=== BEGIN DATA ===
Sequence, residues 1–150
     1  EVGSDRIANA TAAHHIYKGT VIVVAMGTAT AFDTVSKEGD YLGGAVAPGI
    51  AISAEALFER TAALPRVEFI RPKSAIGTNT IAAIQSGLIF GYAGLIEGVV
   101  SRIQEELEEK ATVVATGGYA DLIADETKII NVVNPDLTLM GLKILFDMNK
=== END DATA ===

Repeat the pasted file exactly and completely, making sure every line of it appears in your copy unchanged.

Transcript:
Sequence, residues 1–150
     1  EVGSDRIANA TAAHHIYKGT VIVVAMGTAT AFDTVSKEGD YLGGAVAPGI
    51  AISAEALFER TAALPRVEFI RPKSAIGTNT IAAIQSGLIF GYAGLIEGVV
   101  SRIQEELEEK ATVVATGGYA DLIADETKII NVVNPDLTLM GLKILFDMNK